Deb: Publishing 2014: Forecast from the Trenches

I have no crystal ball. I’m not clairvoyant. And I live in Alaska, pretty much as far as a writer can get from the Right Coast publishing industry without needing a passport. So even though I’ve published a few books, I can hardly claim to be in the know when it comes to the publishing industry.
Nevertheless, I try to keep up where I can. And from the trenches, the boots-on-the-ground view is generally clearer. So, from here in my office, where fingers meet the keyboard, I offer my for-what-they’re-worth thoughts on trends in publishing for the coming year. 
  • Amazon rules. I believe the estimates I’ve seen recently about the big retail giant owning some 92% of the digital book market. Love them or hate them: they’re here to stay, and they’re doing a whole lot of things right, especially when it comes to making it easy for writers to find readers and readers to find books. I expect their digital market share will only increase. 
  • The self-publishing stigma will continue to fade. The move toward independent publishing that began with genre fiction will spread to literary, nonfiction, and children’s writers. Forward-thinking agents and editors will continue to be proactive about finding ways they can work with independent and hybrid authors. Head-in-sand positioning will continue among the rest. 
  • Amazon may dominate sales, but it won’t replace indie bookstores. With the trend to think small and buy local, indie bookstore resurgence will continue as long as booksellers remain proactive about changing markets and technologies. That means more Espresso Book Machines like the one I saw at Powells Books last fall. The man running it predicted that within the decade, stores like Powells will stock only used books and brand new releases. Everything else, he said, will come off the machine, which would mean the whole convoluted book distribution and returns model is in its death throes. In response to changing markets, smart indie booksellers will also align themselves with top-notch indie writers.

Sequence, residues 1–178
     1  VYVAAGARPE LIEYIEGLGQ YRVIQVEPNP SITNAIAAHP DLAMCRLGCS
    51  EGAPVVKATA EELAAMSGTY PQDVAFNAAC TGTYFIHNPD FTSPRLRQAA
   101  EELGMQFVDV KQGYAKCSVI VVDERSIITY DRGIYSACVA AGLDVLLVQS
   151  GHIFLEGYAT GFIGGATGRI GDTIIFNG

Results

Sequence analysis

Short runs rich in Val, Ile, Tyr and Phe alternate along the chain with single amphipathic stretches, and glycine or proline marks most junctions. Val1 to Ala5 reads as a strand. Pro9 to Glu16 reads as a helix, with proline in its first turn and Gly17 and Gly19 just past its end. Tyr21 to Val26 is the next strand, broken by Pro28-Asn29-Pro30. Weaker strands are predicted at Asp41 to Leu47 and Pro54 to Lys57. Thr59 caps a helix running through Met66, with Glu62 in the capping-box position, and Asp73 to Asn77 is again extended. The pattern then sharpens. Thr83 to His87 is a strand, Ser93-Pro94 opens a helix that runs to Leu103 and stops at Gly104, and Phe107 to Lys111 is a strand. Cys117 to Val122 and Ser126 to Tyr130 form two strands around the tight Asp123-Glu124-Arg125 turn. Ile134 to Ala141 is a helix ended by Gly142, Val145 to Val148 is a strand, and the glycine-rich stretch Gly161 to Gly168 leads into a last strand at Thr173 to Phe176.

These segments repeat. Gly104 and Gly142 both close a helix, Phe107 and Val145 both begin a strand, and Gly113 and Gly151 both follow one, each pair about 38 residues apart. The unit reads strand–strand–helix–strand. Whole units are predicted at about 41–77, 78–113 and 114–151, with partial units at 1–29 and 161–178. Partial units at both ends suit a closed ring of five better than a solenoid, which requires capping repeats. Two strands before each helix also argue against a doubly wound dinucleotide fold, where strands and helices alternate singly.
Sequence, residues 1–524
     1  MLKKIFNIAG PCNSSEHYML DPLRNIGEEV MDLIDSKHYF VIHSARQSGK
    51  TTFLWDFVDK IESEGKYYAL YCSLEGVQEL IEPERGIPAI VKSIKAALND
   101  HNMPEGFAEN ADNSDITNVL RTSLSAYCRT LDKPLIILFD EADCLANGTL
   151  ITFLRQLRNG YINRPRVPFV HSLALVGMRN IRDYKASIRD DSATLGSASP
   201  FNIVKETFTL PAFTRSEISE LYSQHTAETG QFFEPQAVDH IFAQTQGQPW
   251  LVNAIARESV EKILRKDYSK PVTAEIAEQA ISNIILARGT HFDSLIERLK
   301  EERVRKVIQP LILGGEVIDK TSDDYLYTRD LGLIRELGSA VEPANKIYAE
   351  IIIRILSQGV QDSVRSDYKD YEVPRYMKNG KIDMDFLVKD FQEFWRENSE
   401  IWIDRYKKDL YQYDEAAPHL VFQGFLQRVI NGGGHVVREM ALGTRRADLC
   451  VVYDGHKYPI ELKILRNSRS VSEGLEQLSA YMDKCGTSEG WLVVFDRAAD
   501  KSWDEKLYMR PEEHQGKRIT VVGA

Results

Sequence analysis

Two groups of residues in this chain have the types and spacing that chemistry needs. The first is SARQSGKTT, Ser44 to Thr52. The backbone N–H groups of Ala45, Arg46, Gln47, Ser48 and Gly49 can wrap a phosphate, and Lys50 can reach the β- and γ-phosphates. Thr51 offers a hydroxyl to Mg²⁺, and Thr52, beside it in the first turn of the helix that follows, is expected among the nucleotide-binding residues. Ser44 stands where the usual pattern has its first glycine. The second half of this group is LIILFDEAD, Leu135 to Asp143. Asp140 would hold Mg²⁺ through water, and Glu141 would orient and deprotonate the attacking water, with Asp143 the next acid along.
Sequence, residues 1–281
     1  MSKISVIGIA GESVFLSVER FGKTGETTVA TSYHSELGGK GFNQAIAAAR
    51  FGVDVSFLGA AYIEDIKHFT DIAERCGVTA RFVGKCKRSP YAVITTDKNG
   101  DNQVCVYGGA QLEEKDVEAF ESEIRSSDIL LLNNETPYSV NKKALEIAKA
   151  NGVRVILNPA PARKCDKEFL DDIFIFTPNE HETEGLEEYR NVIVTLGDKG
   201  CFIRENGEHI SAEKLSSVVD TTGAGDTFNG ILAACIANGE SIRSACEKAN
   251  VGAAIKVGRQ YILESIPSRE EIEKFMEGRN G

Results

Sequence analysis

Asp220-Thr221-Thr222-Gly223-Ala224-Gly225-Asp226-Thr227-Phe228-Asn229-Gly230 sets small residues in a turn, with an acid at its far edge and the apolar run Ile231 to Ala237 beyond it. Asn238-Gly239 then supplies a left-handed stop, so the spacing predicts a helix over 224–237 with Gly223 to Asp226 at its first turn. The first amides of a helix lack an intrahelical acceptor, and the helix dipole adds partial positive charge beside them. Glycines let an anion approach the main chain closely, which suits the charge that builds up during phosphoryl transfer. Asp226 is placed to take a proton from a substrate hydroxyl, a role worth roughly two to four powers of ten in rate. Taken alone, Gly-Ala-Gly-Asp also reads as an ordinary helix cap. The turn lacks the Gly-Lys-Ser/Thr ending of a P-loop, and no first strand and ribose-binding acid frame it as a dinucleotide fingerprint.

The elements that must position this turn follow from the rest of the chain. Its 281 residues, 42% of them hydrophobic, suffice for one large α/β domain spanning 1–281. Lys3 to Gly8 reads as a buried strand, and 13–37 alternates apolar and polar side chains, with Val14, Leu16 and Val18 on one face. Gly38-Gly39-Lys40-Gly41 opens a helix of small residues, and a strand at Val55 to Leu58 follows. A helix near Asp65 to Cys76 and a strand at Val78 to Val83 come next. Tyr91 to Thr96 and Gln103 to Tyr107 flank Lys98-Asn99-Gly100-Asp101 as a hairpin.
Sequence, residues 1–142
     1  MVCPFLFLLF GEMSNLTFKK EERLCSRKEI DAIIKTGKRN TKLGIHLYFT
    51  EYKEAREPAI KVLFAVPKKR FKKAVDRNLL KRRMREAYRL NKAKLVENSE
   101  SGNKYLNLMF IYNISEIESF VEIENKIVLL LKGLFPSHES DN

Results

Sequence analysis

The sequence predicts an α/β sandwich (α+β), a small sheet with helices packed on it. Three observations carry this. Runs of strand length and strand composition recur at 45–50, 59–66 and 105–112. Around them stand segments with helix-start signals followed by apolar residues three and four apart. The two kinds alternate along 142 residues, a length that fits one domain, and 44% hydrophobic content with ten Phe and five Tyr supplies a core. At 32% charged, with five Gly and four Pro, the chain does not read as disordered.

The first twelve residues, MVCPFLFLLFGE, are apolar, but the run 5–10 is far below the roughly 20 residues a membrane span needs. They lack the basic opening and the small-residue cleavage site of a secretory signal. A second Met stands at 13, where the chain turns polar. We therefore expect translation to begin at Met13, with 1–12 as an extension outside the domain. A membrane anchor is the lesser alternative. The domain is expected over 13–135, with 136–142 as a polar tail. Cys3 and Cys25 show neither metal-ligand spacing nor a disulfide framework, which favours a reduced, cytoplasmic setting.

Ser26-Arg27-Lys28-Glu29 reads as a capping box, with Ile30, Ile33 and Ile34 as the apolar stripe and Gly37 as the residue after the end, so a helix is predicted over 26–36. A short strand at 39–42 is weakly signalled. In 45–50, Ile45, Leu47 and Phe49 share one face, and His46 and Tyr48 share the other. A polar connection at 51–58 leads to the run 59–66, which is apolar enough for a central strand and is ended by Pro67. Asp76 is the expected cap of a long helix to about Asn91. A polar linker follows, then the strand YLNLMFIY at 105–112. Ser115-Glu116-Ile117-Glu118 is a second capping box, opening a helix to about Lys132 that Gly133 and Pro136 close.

• Authors will continue to connect directly with readers. Those who turn out poor quality work will get discouraged by lack of readers. Those writing good quality books will gain readers. 
  • The author services industry will reach a tipping point. There are only so many ways to wring money out of writers, especially when Amazon makes it so easy to do it yourself. As readers demand the best of authors, cover design, editorial, and proofreading services will continue to flourish. Other brokering-type services, not so much. 
  • The pricing of digital books will continue to be mixed. High prices on ebooks released by traditional publishers, with proportionately little going to authors, will sustain the Big Five for a while longer, but as readers discover exemplary books from independent authors at one-third the price of e-books from traditional publishers (with those authors making more per sale than they would through a traditional contract), the market will shift. There will be fewer free e-books, and increasingly, traditional publishers will figure out that occasional discounts on e-books help sales in the longterm.
  • Small presses will flourish. They’re responsive and able to cut deals that allow hybrid authors to manage their digital rights while the publisher handles the print releases. 
  • Bestselling authors will continue to resist changes in a marketplace that once favored them. Formerly bemoaned as “midlist,” the rest of us who’ve been publishing without hitting NYT bestseller status with every book will continue to enjoy new readership and income as hybrid authors. 
  • Emerging authors will need coaching in both craft and finding their readers. They’ll need to know how to work all channels, from the traditional to the innovative.
How do my predictions measure up with industry insiders? You’ll find the forecast from inside here.
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